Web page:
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Access online library resources including e-books, journal articles, streaming audio/video
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Renew library materials online
Have a look at your syllabus, or your assignment directions. If you need something explained, don't be afraid to ask your instructor. They want you to succeed.
Pick a topic that will be of interest for you (something that you actually want to know the answer to), because you're going to be studying that topic for the next while as you write this paper.
Try developing a timeline to keep you on track. (ALC sample timeline)
Concept mapping is a simple way of getting your ideas organized, and seeing how they link to each other before you write your paper. Check out this ALC Sample Mind Map.
A good thesis statement clarifies the goals and purpose of an academic paper. Use it to present your argument, or opinion, and your reasons for writing the essay. Devise a strong thesis statement early on to ease the writing process by providing yourself with a clear objective. In the process of researching and writing, you will likely revise your statement as you learn more about the subject, but you'll do that in an informed way.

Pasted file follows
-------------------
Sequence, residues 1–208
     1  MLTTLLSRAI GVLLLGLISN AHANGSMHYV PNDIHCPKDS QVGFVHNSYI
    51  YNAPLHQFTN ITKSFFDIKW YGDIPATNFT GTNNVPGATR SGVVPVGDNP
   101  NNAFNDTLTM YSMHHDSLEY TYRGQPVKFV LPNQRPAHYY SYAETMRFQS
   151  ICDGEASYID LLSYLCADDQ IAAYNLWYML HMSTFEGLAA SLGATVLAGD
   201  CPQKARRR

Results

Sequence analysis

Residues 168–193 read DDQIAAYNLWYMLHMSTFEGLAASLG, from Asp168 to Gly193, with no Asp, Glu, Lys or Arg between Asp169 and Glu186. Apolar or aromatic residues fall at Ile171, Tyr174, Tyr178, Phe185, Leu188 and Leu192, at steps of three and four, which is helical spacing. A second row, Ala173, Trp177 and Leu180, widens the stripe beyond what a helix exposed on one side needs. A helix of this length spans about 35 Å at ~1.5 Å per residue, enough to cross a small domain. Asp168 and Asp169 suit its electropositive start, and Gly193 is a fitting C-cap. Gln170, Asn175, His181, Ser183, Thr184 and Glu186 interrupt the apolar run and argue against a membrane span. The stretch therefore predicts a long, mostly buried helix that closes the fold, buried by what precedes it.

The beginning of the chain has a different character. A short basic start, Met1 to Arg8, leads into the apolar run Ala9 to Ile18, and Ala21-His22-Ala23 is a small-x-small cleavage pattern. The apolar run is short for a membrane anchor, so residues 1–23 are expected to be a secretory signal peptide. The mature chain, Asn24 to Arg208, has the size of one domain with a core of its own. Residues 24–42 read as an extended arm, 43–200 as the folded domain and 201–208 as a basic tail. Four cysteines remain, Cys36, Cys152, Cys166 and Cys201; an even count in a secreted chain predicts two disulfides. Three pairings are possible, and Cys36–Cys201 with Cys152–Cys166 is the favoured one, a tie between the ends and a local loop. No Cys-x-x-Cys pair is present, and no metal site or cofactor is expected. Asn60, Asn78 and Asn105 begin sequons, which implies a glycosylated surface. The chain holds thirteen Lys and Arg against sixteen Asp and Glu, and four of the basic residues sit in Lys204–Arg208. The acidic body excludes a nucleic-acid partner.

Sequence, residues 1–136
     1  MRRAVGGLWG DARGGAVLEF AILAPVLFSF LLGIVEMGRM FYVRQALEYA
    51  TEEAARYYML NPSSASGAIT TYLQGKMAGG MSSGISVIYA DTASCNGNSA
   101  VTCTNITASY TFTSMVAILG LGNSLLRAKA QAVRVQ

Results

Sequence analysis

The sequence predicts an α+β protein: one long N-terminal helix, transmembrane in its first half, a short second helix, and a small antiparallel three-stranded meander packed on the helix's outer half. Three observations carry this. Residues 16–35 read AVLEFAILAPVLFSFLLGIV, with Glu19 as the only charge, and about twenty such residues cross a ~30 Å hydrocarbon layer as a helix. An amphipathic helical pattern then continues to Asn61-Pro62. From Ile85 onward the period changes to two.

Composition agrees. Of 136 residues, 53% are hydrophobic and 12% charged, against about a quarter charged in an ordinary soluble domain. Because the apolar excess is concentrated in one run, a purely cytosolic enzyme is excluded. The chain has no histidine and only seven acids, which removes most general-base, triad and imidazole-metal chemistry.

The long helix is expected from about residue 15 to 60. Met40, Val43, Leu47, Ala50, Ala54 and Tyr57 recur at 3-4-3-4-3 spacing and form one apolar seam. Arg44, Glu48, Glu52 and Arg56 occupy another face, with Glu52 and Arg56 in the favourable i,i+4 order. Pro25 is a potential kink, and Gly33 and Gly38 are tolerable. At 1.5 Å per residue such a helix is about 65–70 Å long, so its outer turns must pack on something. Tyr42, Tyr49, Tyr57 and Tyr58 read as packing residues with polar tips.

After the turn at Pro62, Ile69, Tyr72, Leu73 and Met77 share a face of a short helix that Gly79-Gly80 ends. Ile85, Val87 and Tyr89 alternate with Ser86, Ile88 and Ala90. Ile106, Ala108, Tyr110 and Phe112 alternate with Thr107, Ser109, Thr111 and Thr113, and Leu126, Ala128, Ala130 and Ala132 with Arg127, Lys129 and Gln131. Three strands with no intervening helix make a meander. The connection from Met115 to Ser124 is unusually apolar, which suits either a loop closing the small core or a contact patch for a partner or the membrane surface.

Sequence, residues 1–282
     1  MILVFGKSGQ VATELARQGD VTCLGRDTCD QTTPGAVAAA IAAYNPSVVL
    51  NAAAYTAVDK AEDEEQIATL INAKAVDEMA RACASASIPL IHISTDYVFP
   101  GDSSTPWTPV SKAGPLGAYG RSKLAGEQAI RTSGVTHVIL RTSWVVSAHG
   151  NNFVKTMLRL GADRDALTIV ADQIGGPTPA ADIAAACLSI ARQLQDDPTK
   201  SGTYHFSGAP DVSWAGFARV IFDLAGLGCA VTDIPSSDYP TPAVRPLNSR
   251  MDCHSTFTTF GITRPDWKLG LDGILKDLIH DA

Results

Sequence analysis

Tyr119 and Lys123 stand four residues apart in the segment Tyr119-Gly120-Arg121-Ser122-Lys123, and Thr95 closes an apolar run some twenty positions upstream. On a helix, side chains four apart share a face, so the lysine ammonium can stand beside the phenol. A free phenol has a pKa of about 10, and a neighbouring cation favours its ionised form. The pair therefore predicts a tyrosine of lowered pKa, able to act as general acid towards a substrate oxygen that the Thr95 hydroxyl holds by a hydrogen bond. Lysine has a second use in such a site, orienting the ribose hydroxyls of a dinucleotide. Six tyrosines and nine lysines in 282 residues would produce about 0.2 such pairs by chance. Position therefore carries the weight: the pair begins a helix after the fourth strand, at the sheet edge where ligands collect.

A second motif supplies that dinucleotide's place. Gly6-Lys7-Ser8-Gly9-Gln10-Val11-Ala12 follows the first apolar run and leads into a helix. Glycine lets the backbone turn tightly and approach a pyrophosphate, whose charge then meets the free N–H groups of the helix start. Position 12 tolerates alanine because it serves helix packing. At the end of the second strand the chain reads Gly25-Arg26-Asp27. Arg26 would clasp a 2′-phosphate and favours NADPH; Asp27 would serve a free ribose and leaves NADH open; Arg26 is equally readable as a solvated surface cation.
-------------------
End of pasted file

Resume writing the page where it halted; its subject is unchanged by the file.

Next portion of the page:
Try framing your topic as a question to help you describe what it is you want to argue. Ask yourself questions like: why is this interesting, what do I want to learn or show, how can I explain the problem, and who does the issue affect or who causes the issue. Questions like these also come in very useful once you start searching for books and articles in support of your argument.
The Academic Learning Centre provides excellent guides and advice in their Handouts section, including guides for crafting a thesis statement.
Don't see what you need?
There are many free services available to U of M students. After looking through this guide, you might want to check out these too: